New York: Car Rental

We love NYC!

Local Travel Info

Local Travel Info in New York

Internal Flights and Major International Airports for New York

Three major airports service the New York City area: JFK (John F. Kennedy) International Airport, EWR (Newark) Newark Liberty International Airport in Newark, NJ, and LGA (LaGuardia) Airport. There are also three smaller airports in the suburbs surrounding New York: Westchester County Airport in White Plains, Stewart Airport in Newburgh, and MacArthur Airport in Islip, Long Island. Unless you are travelling on an internal flight, travel time to New York from one of these outlying airports may be too cumbersome and time-consuming. Newark Airport is closest to downtown Manhattan and also tends to have more economical fares for flights. JFK and LaGuardia Airports are closer to midtown and upper Manhattan where JFK caters more to international flights and LaGuardia services internal flights. Most visitors use airline travel to arrive and depart the New York area especially since New York is a very popular stop on many international flights to and from Europe, the Middle East, and Africa.

Getting To and From JFK International Airport

John F. Kennedy International Airport (JFK) is the leading international air passenger gateway to the United States. It is located on Long Island in southeast New York about 12 miles from downtown Manhattan. JFK Airport is accessible by rail, bus, taxi, car, and helicopter. The most popular form of transportation to and from the airport is by taxi for three primary reasons: 1. most visitors will have luggage and depending on when you arrive or depart, you’ll want to be transported directly to your destination (hotel or airport) as soon as possible while handling your baggage as little as possible, 2. most visitors book accommodations in midtown Manhattan closest to JFK, and 3. taxis travelling between JFK airport and any point in Manhattan have a very reasonable fixed rate of $45 $4.50 tolls tip. Recent operation of the AirTrain at JFK has made it extremely easy to travel by subway or the Long Island Railroad (LIRR) directly from the terminals into Manhattan. Popular drop off points are at Grand Central and Penn Stations where connections to other stops can be made. Carting your luggage with you on public transportation to and from the airport can be tiresome and inconvenient. Best to stick with a taxi!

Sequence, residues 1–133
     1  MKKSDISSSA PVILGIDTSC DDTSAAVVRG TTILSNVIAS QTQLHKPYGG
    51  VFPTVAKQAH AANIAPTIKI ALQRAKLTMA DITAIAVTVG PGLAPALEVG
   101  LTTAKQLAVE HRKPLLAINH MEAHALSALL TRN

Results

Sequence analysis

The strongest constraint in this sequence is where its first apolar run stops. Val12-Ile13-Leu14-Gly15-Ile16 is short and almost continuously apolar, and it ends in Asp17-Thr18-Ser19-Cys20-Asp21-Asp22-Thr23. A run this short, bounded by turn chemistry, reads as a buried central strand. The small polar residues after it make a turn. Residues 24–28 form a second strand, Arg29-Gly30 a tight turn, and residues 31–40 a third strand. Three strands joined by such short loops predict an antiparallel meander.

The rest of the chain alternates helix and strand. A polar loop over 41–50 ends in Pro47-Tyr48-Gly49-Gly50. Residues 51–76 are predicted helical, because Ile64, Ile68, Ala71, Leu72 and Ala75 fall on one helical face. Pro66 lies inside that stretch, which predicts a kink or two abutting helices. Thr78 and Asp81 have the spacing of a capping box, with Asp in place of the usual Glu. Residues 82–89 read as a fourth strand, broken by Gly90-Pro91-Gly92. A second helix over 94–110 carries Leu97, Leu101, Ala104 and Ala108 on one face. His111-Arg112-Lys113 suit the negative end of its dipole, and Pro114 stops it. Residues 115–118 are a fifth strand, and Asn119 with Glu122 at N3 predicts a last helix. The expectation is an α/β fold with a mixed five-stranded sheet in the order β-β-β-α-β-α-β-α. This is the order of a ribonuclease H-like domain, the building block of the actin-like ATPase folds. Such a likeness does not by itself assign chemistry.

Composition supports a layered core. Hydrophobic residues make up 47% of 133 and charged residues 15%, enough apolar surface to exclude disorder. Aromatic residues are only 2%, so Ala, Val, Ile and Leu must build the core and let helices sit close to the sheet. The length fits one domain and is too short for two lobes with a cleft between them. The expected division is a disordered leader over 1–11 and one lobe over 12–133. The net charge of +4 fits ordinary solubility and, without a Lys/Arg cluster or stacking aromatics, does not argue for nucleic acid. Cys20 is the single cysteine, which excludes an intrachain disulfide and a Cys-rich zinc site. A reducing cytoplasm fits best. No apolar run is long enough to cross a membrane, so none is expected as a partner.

Travel Costs in New York

The famous yellow New York taxi cab is an extremely convenient way to travel around New York City streets- especially when the weather is not conducive to walking or you’re carrying luggage or shopping bags. It’s also the most expensive (outside of having a private car service or a rental car) where an average taxi fare may be $10-$20 per ride. Don’t forget to add 15-20% for tip. Many New Yorkers live their whole lives in the city never having need for a car. Unless you are planning to drive significantly outside of the city area, a rental car and finding and paying for parking is an unnecessary expense. Although there are plenty of parking lots and garages scattered all over the city, daily special rates can be as much as $20 to $30 for sedan size vehicles – pricing does not include the 18% city tax. Hotels also generally charge daily fees to accommodate your rental car in their parking garage. Be sure to check your booking. Subways are by far the most economical and widely used form of getting around the city. Metro cards can be purchased at stations all over the city. Public transportation buses are also very accessible all around the city. Fares for either are $2 per ride or $5 for an express ride. Visit the Metropolitan Transportation Authority for details on routes, lines, and schedules

Rental Cars in New York